What environmental changes will enhance speech therapy sessions with your patients who have dementia?
In this article, you’ll find 45 practical environmental modifications for dementia treatment. Some require help from caregivers, but most are quick and easy ways to enhance any environment.
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Environmental Modifications for Dementia Treatment
Both advanced age and dementia impact vision. Improve lighting to help patients see, increase participation, and decrease discomfort and agitation.
How to improve lighting:
- Turn on more lights or move closer to a light source
- Add in some natural light (open blinds)
- Add lighting to dark spaces (closets, corners)
- When possible, choose lights that shine up but not into people’s eyes (lamps)
- When possible, avoid fluorescent lights
- Avoid flickering lights
- Avoid glare (cover shiny surfaces)
- Avoid sudden changes in light levels (instead, have consistent lighting throughout; take breaks when moving inside or outside)
Add Visual Contrast
Use high visual contrast between the target object you want a patient with dementia to focus on and the background.
Examples of visual contrast:
- A plate that contrasts with the table/placemat
- A placemat that contrasts with the table color
- A sign that contrasts with the wall
- High-contrast colors to highlight an obstacle (step)
- High-contrast colors to highlight other important items (bright-colored tape around a light switch)
- An important door painted a contrasting color (bathroom door, closet door)
Use Signs & Labels
Visual aids such as signs and labels are excellent tools to help orient and enrich the lives of patients with dementia.
How to make a good sign
- Size 14+ font
- Arial or Calibri font (sans serif fonts)
- High contrast (black ink on white paper, white ink on blue or kelly-green paper)
- Capital letter at the beginning of the sentence (not all caps)
- Use a brightly colored background vs white background (e.g. glue sign onto a brightly colored piece of paper)
- Choose a contrasting color (from the door/wall it will be posted on)
- Use consistently colored signs throughout the environment. For example, all signs in the bedroom should be the same color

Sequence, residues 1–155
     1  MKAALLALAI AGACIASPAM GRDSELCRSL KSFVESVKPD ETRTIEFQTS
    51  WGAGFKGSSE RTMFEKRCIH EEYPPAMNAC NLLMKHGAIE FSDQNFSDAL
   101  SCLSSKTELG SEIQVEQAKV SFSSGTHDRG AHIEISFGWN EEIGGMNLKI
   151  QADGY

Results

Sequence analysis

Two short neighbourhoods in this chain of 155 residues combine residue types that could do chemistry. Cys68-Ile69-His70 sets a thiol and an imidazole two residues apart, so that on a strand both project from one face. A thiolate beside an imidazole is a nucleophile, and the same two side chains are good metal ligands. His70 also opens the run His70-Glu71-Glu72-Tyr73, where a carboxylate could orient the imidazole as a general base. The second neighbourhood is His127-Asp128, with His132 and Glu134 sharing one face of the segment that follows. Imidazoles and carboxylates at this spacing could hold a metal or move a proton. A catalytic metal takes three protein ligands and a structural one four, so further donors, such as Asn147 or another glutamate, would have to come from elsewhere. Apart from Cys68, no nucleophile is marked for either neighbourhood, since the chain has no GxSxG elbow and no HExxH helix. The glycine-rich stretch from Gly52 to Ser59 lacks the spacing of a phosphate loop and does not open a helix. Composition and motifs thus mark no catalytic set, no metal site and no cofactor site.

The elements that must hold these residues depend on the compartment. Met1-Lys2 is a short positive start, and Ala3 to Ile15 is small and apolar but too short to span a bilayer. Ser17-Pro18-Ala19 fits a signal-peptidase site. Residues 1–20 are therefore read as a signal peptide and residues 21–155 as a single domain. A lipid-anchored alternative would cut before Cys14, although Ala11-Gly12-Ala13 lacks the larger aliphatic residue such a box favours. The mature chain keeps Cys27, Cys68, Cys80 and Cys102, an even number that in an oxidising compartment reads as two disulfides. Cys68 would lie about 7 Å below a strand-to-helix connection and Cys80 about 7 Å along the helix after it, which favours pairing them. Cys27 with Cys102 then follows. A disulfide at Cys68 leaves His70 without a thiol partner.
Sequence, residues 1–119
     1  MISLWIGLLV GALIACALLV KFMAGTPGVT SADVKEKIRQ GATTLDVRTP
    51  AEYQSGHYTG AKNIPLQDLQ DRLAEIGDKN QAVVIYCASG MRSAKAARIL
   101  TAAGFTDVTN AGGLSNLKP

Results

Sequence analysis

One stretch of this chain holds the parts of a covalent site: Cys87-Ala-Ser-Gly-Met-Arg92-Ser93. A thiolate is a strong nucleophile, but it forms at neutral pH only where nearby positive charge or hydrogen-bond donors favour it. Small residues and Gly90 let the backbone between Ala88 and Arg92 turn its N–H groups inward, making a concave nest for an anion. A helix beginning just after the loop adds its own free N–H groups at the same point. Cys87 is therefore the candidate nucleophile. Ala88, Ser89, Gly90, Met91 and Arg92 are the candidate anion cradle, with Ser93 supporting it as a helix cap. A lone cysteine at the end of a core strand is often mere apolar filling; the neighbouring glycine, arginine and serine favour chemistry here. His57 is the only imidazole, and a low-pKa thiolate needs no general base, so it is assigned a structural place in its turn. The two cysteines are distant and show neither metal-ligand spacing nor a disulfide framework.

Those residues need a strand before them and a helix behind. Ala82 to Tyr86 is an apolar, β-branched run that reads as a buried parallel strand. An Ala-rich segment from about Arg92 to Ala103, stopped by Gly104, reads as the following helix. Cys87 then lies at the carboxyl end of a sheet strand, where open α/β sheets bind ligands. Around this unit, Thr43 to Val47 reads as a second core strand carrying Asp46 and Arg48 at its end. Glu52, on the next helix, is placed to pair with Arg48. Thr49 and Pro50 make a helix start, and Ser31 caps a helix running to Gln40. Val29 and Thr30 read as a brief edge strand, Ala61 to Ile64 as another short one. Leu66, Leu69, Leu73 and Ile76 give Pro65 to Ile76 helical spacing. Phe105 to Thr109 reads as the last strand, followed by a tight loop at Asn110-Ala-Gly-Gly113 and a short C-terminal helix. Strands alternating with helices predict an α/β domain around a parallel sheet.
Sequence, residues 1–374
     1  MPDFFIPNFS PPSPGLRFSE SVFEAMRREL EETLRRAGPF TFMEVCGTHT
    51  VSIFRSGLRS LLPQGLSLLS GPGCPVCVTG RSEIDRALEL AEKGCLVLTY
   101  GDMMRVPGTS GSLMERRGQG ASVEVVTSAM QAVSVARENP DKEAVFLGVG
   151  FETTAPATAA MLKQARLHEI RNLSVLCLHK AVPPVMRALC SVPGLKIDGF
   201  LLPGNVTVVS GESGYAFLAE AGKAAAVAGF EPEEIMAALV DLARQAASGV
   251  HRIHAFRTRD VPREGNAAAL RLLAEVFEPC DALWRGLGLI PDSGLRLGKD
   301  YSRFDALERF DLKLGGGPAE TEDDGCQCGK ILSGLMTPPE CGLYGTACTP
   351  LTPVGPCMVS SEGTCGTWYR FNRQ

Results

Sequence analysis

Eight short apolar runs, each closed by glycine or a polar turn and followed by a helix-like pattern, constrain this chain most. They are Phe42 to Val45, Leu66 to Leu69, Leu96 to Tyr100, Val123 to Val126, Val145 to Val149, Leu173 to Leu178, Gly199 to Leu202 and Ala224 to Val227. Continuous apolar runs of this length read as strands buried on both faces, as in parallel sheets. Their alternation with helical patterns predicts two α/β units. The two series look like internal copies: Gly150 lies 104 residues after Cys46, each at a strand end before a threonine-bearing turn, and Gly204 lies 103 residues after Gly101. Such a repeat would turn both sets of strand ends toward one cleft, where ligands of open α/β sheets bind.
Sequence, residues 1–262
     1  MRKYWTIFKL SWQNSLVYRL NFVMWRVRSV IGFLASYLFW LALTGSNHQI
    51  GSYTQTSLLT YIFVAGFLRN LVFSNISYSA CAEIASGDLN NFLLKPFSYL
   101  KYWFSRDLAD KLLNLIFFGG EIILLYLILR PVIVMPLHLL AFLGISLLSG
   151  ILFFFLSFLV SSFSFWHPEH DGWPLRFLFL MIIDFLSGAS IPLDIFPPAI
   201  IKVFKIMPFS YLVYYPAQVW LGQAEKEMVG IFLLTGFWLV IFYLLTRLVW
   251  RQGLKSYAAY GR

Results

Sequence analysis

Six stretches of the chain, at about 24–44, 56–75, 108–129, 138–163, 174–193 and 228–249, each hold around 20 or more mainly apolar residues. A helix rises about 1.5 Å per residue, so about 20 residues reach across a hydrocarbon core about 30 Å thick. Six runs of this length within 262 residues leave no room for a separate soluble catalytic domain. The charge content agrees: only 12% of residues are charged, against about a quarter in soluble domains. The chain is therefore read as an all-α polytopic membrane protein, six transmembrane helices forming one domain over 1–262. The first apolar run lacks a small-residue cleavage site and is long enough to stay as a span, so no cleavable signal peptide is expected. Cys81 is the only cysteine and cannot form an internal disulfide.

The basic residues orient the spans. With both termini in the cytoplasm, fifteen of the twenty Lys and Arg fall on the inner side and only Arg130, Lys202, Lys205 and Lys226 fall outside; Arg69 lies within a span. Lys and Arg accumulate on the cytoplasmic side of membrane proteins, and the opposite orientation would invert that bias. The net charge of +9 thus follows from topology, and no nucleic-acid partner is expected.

- Post it where the patient can see it (if in a wheelchair, post it at the correct height)
- Train patients how to use it!
Use spaced retrieval to teach patients how to use the signs.
Improve the Auditory Environment
Support your speech therapy sessions by reducing competing sounds.
Ways to do this:
- Close the window or door
- Turn off the TV or radio
- Ask others to leave the room
- Close curtains to dampen sound
- Move to a space with better acoustics (carpets, curtains, quiet)
Make sure that your patient’s hearing aids are on and working! This not only improves engagement but may also reduce cognitive decline.
Improve the Physical Environment
Ask caregivers to help modify your patient’s physical environment.
The goal is to create an intentional yet low-stimulation and comfortable space.
Do this by showcasing items that support orientation, safety, meaningful activity, and comfort–while removing distractions.
Ways to do this:
- Reduce clutter
- Arrange furniture in an organized way
- Organize the environment with bins, shelving, etc.
- Showcase meaningful items (favorite blanket, framed photos, memory book)
- Have self-directed, meaningful activities that are organized and easy to access (hobbies, radio, reading material)
- Post a digital wall clock with large numbers in clear view of the patient
- Post signs to support safety and orientation
- Post a large monthly calendar and/or memo board
- Provide plenty of the right type of lighting
- Add visual contrast
Consider adding comfort to the environment during your treatment session to help decrease agitation and improve participation.
Use your best judgment when deciding which of the ideas below are appropriate for each individual patient.
Ways to add comfort:
- Warm blanket and mittens
- Doll or stuffed animal
- A pet
- Adjust the temperature
- Plants (non-toxic)
- Appealing smells (essential oils)
- Clear line of sight to a restroom (keep bathroom door open, add a sign)
- Remove or cover mirrors
- American Speech-Language-Hearing Association (n.d.). Dementia (Practice Portal). Retrieved August, 10, 2023, from www.asha.org/Practice-Portal/Clinical-Topics/Dementia/.
- Brush, J. (2018, April). Tips for Creating Signs – Dementia Care Training & Education | Redesigning Dementia Care. Brush Development. Retrieved August 10, 2023, from https://brushdevelopment.com/tips-creating-signs/
- Brush, J., Fleder, H., & Calkins, M. (2012). Using the Environment to Support Communication and Foster Independence in People with Dementia: A review of case studies in long term care settings. Kirtland, Ohio: I.D.E.A.S., Inc.
- Hickey, E.M. (n.d.) Interventions for Persons with Dementia: Creating Supportive Environments. Medbridge. https://www.medbridgeeducation.com/courses/details/interventions-for-persons-with-dementia-creating-supportive-environments